Mobility and Transport

Clean transport, Urban transport

Developing a cycle network for your city

Developing a cycle network for your city

Cycle networks

Cycle networks have been defined as “an interconnected set of safe and direct cycling routes covering a given area or city” (EC project, PRESTO, 2010). A cycle network is likely to comprise of the following elements:  

Therefore, when developing a cycle network, a city should expect to: 

  • Manage the existing roads and rights of way;  
  • Create new links within the existing cycling network to close any gaps; and 
  • Aim to create a network with an adequate level of service for cycle traffic. 

It is important to note the different levels of cycle routes that are likely to be present within a cycle network:  

  • Main routes: ‘Connecting’ function at city or intercity level – connecting villages, towns and cities with each other, either inside or outside urban areas.  
  • Top local routes: ‘Distributer’ function at the district level of the built-up area - providing the main cycling connections between urban districts within major urban areas.  
  • Local routes: Access function at the neighbourhood level – including every street or track that can be used by cyclists, connecting all origins and destinations to higher level routes.  

There are two main types of network – utility (or functional) network and recreational network.  

  • Utility network: Connects destinations for functional trip purposes, including shopping, work, education etc. Connections should be as direct as possible as utility cyclists want to get from A to B as quickly as possible.  
  • Recreational network: Recreational routes can pass through urban areas/centres (and therefore also form part of the utility network), but the focus is on leisure cycling. They can include signed long-distance routes, signed tourist themed routes or a collection of nodes and interconnected links, enabling cyclists to determine their own trip. Recreational cyclists are typically looking for a leisurely and attractive ride, which can allow them to explore an area, exercise or socialise.  

Both types of users should be considered when designing cycle networks, particularly where utility and recreational networks overlap.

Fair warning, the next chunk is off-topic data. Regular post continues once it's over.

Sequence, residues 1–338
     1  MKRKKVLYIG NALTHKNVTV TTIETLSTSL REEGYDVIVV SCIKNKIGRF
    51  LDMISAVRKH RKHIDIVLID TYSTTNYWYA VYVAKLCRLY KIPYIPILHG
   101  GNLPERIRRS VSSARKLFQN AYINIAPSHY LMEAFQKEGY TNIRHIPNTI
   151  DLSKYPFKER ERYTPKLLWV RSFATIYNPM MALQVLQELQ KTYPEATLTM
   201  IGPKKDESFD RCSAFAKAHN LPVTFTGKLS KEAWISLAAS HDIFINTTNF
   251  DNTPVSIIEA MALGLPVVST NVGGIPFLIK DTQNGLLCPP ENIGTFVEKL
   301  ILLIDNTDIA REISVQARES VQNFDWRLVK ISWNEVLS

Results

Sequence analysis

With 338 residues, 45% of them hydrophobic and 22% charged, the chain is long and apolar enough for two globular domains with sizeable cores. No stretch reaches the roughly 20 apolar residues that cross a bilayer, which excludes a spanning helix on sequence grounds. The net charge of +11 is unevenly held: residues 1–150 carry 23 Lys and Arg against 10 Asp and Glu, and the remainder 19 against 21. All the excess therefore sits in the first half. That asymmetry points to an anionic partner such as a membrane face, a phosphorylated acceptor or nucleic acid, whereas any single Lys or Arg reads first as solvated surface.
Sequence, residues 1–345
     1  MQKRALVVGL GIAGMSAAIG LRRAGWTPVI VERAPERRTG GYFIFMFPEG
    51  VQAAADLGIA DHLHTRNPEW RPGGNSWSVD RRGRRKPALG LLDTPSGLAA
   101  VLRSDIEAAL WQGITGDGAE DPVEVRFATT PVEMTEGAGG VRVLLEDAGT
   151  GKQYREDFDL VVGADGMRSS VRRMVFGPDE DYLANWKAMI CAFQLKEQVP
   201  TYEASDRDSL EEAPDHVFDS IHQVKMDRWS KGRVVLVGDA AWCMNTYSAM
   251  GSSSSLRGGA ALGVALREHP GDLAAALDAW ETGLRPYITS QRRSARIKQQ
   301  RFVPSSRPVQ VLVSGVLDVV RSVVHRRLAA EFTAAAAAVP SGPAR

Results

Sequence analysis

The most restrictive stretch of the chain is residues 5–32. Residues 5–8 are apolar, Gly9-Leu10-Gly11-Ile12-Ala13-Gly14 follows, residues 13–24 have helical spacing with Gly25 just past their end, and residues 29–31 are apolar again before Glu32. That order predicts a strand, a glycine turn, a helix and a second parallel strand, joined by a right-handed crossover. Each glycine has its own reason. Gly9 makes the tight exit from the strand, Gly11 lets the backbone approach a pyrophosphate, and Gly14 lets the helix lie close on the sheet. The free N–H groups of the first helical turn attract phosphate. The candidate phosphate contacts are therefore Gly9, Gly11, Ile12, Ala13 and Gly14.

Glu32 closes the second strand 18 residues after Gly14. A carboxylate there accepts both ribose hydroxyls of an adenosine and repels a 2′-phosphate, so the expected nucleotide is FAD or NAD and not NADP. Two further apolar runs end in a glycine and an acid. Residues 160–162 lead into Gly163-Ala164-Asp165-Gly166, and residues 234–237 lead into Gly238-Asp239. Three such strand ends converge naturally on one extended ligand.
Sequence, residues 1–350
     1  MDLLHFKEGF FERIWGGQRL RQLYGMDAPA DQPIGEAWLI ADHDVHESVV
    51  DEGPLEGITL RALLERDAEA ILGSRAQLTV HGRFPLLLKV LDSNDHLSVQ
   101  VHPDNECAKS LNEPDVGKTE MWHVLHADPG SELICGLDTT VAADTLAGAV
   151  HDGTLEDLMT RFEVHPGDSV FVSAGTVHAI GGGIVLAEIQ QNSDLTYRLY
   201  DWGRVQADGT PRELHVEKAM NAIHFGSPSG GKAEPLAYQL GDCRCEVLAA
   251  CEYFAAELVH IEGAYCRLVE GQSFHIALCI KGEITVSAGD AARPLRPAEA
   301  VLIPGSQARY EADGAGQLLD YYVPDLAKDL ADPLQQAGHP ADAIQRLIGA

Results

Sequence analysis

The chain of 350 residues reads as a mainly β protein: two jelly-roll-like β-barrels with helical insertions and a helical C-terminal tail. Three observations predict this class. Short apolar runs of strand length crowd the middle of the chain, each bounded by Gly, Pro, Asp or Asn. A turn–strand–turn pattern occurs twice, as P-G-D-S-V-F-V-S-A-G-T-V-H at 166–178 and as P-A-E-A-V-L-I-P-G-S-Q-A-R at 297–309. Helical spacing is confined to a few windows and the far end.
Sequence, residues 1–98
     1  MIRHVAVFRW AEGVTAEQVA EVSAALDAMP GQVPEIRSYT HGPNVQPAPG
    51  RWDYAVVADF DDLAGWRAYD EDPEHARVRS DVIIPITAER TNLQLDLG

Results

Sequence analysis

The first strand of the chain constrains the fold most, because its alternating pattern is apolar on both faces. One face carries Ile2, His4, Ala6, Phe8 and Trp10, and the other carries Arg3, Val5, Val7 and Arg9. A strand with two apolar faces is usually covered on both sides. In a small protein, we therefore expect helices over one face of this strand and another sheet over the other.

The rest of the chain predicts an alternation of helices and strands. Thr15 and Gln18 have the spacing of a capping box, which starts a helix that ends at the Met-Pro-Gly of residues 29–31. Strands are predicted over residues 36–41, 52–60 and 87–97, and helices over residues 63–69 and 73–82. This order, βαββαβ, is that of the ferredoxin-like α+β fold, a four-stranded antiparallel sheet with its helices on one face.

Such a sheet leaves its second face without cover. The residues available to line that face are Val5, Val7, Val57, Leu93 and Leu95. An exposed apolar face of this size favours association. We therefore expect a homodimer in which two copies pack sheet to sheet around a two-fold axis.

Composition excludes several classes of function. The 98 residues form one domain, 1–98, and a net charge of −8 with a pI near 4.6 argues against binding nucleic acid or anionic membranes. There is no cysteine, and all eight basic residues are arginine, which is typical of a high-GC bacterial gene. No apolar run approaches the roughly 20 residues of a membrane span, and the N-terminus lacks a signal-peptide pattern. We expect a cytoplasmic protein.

Design principles and user’s needs

As originally identified by Dutch guidance (CROW, 2007), cities should aim to deliver cycle routes, and by extension cycling networks, that are safe, direct, cohesive, comfortable and attractive. (See Basic quality design principles for cycle infrastructure and networks for further information). Implementing complementary measures within a network can enhance impacts of measures and contribute towards meeting the principles outlined above.

The most important aspects can be considered to be safety, directness and cohesion.  

  • Safety: Ensuring safety within a cycle network can be achieved through avoiding conflict with crossing traffic, separating different types of road users where necessary due to traffic volumes/speeds, reducing speed at points of conflict, ensuring good visibility of cyclists, and ensuring that there are recognisable road categories.  
  • Directness: Directness relates to the distance or time required to cycle between the origin and destination. In urban areas, it is desirable for cycling to be quicker than driving, which can be achieved through providing more direct routes for bicycles rather than for cars. To maximise directness there should also be minimal detours, good priority for bicycles, and the ability for cyclists to maintain constant speeds. The directness of a route in distance can be determined by a detour factor.
  • Cohesion: A cohesive network ensures clear wayfinding and allows people cycling to reach their destination by the route of their choice with minimal interruption. There should be a consistent high quality of provision across the network and all common trip origins and destinations within a city should be accessible by bike and connected to the network. Intermodal cohesion is also desirable, enabling and encouraging cycling trips as a means of transport to and from public transport nodes.  Without cohesion there cannot be a cycle network, only a collection of single cycle routes. 

Cycle networks should also focus on the needs of users to encourage growth in cycle use. The Dutch guidelines (CROW, 2007) outline cyclist’s needs as:  

  • Keeping energy use to a minimum; 
  • Provision of smooth surfaces; 
  • Sufficient space around the bicycle to separate it from threats; 
  • Avoiding involuntary slow speeds; 
  • Shelter from wind and rain, as far as possible; 
  • Ability to ride side by side, allowing cycling to be a sociable activity; 
  • Minimising the number and complexity of tasks that cyclists have to perform. 

Planning cycle networks

There are a number of stages involved in planning a cycle network for a city, which may or may not include modelling. These include:  

  • Defining objectives; 
  • Mapping land use and assessing cycling demand; 
  • Mapping existing routes, facilities, cycle volumes and cycling-related collisions;
  • Identifying priority locations and constraints, that need to be treated;
  • Identifying improvements to the network; 
  • Predicting potential demands; 
  • Stakeholder engagement; 
  • Prioritising and selecting measures; 
  • Implementing measures; and  
  • Monitoring and assessing the operation.